Is Twitter only for the thick-skinned?

2 11 2009

I was reading The Mirror’s account of Stephen Fry’s mortification at being branded a Twitter bore and it made me think about the delicate desire for approval and appreciation that, I think, we all harbour in relation to our contribution on Twitter.  For what it’s worth, I don’t think Stephen is at all boring and, come on, the man’s busy enough being fabulous without having to be sparkling, 24/7, in only 140 characters!

Stephen Fry

Stephen Fry

A few months ago, when I left my job, rather than finding myself with acres of time to Tweet, I spent most of my days looking for work and building my business.  What had become a daily and constant ritual was relegated to the ‘nice to have’ section of the priority list; once the need to apply myself in the hunt for work really kicked in.  At the end of the first month, I had spent (according to the stats) 60% less time Tweeting than the previous month and around 80% less than the month before.

Naturally, I lost a few followers – understandable really – why would you follow someone who never says anything?  But more interesting is how the level of interaction that I previously had with some Tweeps had changed once I started engaging properly again – and how that made me feel.  Whereas when I was most active and, possibly, a bit more interesting (redundancy can stifle your enthusiasm for most things!), my discussion and interaction was richer.  Once other priorities got in the way, I Tweeted less and, as a result, have lost some of those closer connections that I once had.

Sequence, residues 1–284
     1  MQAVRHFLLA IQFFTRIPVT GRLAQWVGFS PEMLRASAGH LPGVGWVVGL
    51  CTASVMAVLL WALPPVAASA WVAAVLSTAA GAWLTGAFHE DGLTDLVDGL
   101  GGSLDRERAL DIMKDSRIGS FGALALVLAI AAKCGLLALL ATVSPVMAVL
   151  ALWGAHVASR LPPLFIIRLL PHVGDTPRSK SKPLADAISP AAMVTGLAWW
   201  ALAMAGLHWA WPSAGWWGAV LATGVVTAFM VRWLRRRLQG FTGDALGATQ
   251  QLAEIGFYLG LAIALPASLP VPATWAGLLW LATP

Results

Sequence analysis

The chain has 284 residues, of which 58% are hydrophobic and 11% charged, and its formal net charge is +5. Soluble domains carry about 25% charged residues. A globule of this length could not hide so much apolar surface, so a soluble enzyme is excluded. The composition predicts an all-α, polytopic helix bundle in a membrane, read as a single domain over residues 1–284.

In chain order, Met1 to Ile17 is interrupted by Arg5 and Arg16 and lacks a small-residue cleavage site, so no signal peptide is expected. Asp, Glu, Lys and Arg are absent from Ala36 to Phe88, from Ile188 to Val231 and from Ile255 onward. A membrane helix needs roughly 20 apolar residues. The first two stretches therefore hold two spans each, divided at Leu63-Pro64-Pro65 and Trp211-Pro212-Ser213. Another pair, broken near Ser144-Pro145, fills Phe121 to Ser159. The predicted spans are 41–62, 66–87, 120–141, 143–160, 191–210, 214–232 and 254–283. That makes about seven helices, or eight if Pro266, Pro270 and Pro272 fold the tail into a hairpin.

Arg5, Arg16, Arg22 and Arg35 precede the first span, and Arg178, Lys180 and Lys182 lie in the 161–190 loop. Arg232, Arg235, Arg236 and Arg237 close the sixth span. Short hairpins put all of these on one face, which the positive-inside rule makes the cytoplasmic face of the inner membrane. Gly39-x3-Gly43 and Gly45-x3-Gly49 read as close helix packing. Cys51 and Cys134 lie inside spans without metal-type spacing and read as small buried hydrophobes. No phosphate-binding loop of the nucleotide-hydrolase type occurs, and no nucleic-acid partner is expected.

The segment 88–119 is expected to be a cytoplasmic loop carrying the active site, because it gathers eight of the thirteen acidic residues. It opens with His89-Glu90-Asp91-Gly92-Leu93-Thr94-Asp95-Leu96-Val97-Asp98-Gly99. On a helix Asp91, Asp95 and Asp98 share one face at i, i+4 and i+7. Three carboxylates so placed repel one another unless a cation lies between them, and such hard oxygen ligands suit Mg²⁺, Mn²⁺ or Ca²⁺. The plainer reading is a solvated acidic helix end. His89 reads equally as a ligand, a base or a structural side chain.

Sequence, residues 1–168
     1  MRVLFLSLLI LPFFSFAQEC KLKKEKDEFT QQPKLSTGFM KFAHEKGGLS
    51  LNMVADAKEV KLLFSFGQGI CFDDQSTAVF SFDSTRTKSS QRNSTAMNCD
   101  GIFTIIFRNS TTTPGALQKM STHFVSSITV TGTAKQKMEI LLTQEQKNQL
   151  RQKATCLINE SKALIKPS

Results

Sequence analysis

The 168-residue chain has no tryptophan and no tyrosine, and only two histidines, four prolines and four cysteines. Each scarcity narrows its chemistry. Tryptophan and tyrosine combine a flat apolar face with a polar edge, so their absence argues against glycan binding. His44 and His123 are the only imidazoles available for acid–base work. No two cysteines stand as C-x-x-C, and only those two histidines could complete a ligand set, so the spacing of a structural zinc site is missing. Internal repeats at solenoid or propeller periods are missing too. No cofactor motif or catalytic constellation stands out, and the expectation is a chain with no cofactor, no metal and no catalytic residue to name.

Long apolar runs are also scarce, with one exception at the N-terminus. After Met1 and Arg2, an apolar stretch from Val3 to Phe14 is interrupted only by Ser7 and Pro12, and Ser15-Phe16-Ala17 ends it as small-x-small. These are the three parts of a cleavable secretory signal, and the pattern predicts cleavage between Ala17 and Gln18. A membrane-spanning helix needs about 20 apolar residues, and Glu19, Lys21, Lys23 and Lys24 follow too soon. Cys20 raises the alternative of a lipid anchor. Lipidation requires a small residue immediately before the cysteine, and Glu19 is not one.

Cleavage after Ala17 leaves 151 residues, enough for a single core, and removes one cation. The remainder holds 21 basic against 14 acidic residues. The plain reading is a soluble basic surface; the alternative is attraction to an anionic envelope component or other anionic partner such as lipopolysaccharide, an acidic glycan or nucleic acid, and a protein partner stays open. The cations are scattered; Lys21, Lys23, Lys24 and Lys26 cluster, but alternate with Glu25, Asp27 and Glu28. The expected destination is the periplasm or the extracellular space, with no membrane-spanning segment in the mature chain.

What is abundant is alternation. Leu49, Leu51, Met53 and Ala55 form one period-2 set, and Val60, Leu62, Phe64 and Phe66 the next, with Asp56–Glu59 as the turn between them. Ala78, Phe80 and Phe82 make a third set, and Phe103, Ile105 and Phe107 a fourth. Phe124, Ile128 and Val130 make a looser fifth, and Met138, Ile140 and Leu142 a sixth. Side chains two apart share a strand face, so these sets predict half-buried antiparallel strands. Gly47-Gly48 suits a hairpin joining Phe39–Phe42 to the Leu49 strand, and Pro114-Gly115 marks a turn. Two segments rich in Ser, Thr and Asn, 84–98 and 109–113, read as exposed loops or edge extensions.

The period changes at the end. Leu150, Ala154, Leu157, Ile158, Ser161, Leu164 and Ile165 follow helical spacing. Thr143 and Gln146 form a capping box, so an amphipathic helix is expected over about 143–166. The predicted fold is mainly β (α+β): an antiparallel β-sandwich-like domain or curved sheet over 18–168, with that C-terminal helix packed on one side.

I could take it personally, and the thing with Twitter is that you do get out what you put in, but it’s important to remember that  it really isn’t easy to remain effervescent, 7 days a week, especially when life gets in the way.  I think the secret is to make every Tweet count, not to Tweet inanely (god, I am so guilty of that), and to maintain contact with your followers as often as possible and hope they remain interested.

If they don’t, and perhaps this is the point, that’s fine!  My contribution to Twitter is as much, if not more, about me learning from others as it is about others listening to what I have to say.  As my life and its challenges change, so my interaction with Twitter will change and, doubtless my interests and, therefore, followers.

Rather than feeling upset every time I lose a follower, or perhaps am not quite as interesting as I should be, I think I’ll accept that for what it is.  Life’s too short.

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